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Heckle – Part 1

by on May 6, 2013

To ‘heckle’ originally comes from a flax-processing method: ‘heckling’ is separating the individual strands of flax. The originators of the verb we know today were a particularly radical and vocal group of ‘hecklers’ from Dundee who joined together to verbally embarrass and irritate politicians in the 1800s. Heckling has now become a gesture of verbal defiance, directed angrily, wittily and with perfect timing at figures of supposed authority. Hecklers often use the opportunity which a live debate or discussion affords to protest and to inform both the audience and the speaker of their own feelings: “There is little doubt that heckling is an effective way of informing others on how a portion of the audience feels and provides specific information on which social comparison can be made,” (Silverthorne & Mazmanian, 1975: 234). This disruption of the flow of speech by a spokesperson with a personal and protesting interjection can be seen as a verbal ‘battle’ between two different ideologies. One ideology, the ‘party’ ideology of the spokesperson is disrupted and challenged by the subjective and objecting ideology of the heckler. Furthermore, as is often the intent, this interjection can have a serious effect on the credibility of the speaker: “It is possible that the heckling undermined the credibility of the speaker. As a result, the effectiveness of communication would be reduced when the speaker was heckled,” (Silverthorne & Mazmanian, 1975: 235).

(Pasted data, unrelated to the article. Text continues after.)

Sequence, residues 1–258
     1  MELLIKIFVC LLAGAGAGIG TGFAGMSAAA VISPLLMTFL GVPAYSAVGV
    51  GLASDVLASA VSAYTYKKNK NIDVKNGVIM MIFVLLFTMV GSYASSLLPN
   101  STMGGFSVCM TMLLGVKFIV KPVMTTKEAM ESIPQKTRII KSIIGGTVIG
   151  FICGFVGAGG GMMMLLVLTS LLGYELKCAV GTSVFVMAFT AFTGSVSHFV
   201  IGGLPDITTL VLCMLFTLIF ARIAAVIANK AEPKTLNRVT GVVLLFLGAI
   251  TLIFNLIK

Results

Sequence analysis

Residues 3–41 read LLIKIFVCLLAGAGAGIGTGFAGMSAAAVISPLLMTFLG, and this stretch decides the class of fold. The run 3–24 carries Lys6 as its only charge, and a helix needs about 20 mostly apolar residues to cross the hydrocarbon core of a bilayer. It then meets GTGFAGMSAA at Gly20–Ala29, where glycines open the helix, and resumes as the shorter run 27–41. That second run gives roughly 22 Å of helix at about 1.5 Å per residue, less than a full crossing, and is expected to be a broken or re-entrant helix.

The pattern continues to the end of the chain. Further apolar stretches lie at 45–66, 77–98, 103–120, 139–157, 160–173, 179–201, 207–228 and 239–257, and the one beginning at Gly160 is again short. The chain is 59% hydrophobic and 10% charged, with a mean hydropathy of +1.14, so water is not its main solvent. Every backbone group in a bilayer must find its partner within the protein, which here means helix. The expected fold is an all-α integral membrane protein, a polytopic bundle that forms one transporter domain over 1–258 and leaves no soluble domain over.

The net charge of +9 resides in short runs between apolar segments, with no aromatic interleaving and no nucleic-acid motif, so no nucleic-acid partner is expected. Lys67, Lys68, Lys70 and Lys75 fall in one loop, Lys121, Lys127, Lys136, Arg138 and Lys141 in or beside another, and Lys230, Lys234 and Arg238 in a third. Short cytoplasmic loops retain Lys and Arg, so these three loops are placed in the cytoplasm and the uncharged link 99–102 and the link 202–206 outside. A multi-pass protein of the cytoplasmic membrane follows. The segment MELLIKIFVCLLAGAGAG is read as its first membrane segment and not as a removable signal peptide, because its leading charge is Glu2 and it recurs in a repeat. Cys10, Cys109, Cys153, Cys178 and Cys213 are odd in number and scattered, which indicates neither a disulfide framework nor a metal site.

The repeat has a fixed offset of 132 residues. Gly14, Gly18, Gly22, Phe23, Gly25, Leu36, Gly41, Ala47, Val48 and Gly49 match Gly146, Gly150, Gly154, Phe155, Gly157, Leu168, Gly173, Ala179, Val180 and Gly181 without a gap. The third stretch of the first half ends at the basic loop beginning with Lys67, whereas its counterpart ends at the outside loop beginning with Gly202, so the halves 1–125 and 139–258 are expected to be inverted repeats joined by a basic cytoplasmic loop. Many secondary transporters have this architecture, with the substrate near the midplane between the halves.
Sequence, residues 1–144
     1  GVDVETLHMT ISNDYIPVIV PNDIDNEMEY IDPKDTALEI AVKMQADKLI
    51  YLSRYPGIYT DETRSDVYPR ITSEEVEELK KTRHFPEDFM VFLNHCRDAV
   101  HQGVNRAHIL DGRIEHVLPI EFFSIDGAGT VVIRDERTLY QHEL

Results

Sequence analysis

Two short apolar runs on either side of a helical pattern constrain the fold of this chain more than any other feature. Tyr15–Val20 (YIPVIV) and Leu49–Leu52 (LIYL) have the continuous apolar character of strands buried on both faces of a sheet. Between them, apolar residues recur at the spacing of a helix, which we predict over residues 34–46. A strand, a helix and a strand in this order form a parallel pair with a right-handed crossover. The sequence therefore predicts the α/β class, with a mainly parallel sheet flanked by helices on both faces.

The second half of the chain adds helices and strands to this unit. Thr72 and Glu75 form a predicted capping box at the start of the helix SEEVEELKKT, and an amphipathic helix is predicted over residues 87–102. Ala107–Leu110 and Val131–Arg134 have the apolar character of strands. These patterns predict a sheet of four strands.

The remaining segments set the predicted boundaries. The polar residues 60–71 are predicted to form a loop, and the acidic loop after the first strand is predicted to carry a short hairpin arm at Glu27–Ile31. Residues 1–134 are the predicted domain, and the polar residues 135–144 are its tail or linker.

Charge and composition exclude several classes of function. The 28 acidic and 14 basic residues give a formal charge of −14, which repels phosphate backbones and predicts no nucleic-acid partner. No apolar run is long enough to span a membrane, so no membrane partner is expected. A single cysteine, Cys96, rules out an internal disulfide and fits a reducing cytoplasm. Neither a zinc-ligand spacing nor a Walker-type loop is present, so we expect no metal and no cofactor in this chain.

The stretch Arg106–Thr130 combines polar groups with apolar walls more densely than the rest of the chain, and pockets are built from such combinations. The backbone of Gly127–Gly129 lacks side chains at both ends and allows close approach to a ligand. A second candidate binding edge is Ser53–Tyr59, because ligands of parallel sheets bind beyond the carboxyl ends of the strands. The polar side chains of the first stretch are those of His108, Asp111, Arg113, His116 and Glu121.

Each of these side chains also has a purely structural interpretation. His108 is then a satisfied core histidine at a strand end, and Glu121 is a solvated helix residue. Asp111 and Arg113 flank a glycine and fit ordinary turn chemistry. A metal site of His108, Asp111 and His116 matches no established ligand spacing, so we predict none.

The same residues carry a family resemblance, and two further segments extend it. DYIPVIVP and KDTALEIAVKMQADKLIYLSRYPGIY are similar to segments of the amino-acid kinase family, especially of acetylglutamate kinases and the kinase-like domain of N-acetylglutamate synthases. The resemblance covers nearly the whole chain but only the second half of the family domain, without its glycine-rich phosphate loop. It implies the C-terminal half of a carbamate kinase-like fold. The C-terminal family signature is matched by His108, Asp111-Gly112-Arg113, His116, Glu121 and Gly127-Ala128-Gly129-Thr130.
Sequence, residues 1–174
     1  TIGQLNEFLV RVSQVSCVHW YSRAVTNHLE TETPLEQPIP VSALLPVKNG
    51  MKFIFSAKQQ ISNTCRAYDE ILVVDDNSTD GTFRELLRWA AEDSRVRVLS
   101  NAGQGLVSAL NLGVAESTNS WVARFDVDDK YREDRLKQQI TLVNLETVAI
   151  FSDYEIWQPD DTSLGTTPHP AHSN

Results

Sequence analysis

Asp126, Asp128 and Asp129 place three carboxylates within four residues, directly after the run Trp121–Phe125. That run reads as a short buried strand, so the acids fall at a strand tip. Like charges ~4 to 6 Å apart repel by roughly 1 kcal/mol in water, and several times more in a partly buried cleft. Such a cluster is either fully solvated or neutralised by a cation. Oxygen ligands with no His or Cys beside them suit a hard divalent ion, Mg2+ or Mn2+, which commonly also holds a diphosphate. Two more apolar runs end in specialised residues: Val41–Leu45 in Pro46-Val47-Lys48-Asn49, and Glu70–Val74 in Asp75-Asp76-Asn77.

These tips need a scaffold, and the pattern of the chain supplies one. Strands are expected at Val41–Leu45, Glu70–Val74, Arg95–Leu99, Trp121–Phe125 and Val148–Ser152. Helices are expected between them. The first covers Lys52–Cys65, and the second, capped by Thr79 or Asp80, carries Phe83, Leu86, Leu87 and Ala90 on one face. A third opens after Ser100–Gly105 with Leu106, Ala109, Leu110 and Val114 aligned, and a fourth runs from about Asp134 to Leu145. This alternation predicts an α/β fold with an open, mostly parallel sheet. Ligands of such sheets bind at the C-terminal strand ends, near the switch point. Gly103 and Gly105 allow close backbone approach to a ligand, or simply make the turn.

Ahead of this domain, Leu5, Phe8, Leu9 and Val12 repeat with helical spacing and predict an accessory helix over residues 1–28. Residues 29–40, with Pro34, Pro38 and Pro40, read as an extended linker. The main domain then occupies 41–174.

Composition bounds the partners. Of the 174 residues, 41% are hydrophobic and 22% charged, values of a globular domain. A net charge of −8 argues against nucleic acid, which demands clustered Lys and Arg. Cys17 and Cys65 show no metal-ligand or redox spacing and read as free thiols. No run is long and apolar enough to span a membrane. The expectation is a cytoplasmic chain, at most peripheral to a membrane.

Heckling, using notions created by de Certeau (1984), can be seen as a ‘tactical’ subversion of the ‘strategic’. In this sense, the strategic is the ideology of the public speaker and the tactical subversion by the heckler is a ‘metis’ or ‘way of operating’ (de Certeau, 1984) which utilizes gaps within strategies to the heckler’s own advantage; that is, to disrupt the speaker’s ideology with their own. The ideology of the speaker is strategic, that is, all-encompassing at the beginning of the speech or debate, but the tactical interjection by the heckler then changes the dynamic of the event. This interjection can then possibly transform the understanding and appreciation of the speaker and their ideology by the audience.